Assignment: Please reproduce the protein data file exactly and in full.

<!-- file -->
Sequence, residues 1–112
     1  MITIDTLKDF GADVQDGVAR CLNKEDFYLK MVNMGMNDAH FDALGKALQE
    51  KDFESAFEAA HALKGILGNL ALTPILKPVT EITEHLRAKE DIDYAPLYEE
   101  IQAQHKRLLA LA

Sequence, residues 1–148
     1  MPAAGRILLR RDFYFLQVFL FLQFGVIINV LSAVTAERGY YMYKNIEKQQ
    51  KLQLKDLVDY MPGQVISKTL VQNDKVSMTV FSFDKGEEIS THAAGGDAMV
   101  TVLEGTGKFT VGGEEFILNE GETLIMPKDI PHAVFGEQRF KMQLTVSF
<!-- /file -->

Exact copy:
Sequence, residues 1–112
     1  MITIDTLKDF GADVQDGVAR CLNKEDFYLK MVNMGMNDAH FDALGKALQE
    51  KDFESAFEAA HALKGILGNL ALTPILKPVT EITEHLRAKE DIDYAPLYEE
   101  IQAQHKRLLA LA

Sequence, residues 1–148
     1  MPAAGRILLR RDFYFLQVFL FLQFGVIINV LSAVTAERGY YMYKNIEKQQ
    51  KLQLKDLVDY MPGQVISKTL VQNDKVSMTV FSFDKGEEIS THAAGGDAMV
   101  TVLEGTGKFT VGGEEFILNE GETLIMPKDI PHAVFGEQRF KMQLTVSF